research links w 9-17

Findings

All the reports:
A @datasociety report finds low trust in media among US youth, who often find news by accident, and demonstrate a variety of innovative verification strategies. Meanwhile, a University of London report finds that whistleblowing is more dangerous in the digital age and a new OECD report finds that the resurgence of single bidding significantly increases risks of corruption in European procurement. Take note #opencontracting strategists. Perhaps most happily, new research described in @SSIReview suggests that funders do use knowledge! In fact they get it primarily from peers and grantees, but it’s not enough to provoke change.

Continue reading “research links w 9-17”

When Indicators Get in the Way, Go Report Minimal?

Now, there’s a lot we could debate here about data collection processes, or tools, or when and how data clerks should be employed – but that’s not the point. Instead, we suggest that a growing amount of the qualitative evidence indicates that costs of collecting and reporting on the data that inform high-level performance indicators (for various agencies) can be quite high – perhaps higher than the M&E community typically realizes. These opportunity costs were echoed across countries and sectors; discussions with agricultural staff in Ghana, for example, suggest that many extension workers spend up to a quarter (or more) of their time collecting and reporting data.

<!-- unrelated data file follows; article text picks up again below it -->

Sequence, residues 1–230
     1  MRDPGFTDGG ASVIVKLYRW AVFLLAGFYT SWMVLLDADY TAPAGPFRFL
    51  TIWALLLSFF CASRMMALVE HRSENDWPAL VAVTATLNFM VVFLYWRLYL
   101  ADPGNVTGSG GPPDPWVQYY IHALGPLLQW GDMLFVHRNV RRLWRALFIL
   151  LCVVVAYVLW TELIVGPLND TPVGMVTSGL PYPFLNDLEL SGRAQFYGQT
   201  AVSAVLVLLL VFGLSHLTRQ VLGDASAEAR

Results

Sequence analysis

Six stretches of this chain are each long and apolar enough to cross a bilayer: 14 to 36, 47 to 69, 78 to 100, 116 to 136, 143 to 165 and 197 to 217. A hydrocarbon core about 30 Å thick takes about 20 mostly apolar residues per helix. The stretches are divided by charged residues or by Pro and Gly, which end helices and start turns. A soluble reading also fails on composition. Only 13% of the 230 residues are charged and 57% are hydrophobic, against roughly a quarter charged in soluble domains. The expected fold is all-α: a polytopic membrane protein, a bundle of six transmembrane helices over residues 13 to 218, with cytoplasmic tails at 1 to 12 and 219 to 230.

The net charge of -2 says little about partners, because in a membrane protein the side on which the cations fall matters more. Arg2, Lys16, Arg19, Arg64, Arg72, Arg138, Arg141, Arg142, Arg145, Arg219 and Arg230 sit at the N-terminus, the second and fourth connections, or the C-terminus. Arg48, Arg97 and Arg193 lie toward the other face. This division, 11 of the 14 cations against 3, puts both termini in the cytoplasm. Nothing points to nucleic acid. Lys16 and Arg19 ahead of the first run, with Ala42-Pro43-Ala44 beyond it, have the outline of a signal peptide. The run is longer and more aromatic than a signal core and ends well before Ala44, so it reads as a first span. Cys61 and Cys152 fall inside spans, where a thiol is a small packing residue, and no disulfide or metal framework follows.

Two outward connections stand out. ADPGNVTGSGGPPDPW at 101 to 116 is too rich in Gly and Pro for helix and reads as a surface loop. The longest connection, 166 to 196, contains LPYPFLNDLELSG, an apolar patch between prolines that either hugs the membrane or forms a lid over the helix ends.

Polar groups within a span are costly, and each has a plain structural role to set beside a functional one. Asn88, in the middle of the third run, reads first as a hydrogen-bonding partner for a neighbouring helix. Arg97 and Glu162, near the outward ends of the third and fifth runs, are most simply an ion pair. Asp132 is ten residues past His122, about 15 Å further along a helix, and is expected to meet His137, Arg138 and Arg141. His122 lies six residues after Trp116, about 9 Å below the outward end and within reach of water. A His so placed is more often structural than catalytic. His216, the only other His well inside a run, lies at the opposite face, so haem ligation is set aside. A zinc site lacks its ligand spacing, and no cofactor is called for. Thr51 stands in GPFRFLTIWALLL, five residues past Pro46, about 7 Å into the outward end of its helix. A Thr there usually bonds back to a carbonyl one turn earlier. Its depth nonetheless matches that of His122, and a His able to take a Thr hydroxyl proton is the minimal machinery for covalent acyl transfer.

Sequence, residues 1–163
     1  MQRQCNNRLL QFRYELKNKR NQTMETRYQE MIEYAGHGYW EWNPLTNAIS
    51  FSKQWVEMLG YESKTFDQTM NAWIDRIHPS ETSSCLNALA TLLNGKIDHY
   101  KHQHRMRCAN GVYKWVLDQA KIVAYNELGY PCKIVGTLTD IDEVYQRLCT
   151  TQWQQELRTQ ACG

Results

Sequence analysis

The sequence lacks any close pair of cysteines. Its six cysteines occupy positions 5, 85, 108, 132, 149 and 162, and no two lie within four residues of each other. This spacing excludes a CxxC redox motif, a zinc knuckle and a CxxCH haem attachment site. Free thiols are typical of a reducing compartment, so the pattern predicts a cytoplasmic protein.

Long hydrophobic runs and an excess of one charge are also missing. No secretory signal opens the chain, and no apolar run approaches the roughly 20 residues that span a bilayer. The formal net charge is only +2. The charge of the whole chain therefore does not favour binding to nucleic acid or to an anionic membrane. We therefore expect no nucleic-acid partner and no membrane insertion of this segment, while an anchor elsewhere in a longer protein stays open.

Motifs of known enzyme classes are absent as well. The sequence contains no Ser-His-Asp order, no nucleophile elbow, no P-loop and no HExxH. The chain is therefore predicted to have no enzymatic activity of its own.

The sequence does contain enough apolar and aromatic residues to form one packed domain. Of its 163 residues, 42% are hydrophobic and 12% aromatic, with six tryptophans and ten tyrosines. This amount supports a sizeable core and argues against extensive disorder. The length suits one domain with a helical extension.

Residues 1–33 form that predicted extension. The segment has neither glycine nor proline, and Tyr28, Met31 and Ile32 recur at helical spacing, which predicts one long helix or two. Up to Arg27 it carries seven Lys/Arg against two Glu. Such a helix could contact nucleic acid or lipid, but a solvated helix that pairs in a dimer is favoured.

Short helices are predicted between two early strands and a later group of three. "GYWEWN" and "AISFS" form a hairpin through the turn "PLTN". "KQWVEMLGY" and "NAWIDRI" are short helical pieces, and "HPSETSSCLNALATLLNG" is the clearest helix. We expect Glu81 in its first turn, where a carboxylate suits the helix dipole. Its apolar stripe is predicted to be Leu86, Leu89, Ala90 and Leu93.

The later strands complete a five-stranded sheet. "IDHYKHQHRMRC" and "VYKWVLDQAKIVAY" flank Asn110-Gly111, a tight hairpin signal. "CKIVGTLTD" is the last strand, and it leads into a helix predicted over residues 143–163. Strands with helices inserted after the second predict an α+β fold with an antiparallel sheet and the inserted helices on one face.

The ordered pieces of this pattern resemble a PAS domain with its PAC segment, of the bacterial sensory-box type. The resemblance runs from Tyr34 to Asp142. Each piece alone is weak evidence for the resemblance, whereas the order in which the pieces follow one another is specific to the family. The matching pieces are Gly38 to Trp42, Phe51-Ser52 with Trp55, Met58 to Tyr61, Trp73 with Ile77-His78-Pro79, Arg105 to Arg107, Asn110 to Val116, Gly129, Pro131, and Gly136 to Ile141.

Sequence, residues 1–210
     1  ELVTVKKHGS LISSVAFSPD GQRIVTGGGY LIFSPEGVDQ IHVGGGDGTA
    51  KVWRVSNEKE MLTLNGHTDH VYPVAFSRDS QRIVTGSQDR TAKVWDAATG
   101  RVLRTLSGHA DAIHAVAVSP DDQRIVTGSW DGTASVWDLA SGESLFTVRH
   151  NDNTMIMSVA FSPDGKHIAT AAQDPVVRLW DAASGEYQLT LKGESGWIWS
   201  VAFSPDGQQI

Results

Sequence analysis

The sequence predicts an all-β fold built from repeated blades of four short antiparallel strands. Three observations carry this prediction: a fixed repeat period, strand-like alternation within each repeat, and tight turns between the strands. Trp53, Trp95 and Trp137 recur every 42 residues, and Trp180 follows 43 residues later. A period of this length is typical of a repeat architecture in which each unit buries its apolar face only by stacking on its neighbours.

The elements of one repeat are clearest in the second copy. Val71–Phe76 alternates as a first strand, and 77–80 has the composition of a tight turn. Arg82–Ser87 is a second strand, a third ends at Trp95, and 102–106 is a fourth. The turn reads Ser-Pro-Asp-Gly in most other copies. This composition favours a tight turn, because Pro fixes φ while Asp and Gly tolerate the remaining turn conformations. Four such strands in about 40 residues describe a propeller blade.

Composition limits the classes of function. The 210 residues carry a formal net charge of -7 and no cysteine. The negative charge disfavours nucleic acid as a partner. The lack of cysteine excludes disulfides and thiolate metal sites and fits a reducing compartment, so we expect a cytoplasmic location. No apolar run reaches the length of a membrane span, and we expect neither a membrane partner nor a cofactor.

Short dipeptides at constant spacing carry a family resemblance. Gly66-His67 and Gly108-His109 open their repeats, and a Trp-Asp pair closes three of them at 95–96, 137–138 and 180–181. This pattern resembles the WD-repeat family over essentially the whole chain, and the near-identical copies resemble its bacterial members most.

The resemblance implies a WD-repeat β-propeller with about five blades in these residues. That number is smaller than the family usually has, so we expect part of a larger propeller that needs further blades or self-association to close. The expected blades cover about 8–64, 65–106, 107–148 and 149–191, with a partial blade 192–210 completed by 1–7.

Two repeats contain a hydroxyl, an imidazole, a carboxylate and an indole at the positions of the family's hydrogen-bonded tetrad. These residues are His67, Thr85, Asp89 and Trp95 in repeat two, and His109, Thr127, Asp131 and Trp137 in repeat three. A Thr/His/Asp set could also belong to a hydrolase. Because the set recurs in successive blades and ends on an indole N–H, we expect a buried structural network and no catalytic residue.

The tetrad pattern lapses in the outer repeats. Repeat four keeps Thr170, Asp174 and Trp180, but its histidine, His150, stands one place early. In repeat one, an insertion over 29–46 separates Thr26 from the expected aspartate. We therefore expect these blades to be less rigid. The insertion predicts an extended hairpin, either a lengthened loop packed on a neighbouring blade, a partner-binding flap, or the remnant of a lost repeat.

That’s from a recent ICTworks blogpost. It’s focused on a specific initiative (HIV clinic in TZ), but the spirit will ring true to anyone who’s done donor reporting from the field (or at all really). The idea that reporting gets in the way of work is familiar, but it’s often even worse in a tech context, when there’s a presumption of data abundance, and finding metrics to strenghten work and anticipate roadblocks can be hard enough.  Continue reading “When Indicators Get in the Way, Go Report Minimal?”

Research Links w 38

Papers and Findings

  • Text analysis of Swiss media during national referenda on smoking bans finds that the use of evidence in political debates is rare, and usually used only to increase speakers’ credibility. Monitoring the activity of Swiss parliamentarians, meanwhile, is directly and positively affected by monitoring (explicitly via video recording parliamentary sessions) according to a recent paper, at least for legislators up for re-election.
  • Meta-level analysis of the Quality of Government Data Set (26 countries) suggests that perceived corruption suppresses voter turnout (at least in countries with low- to mid-levels of corruption), and also has a useful review of previous literature and findings on the subject. Continue reading “Research Links w 38”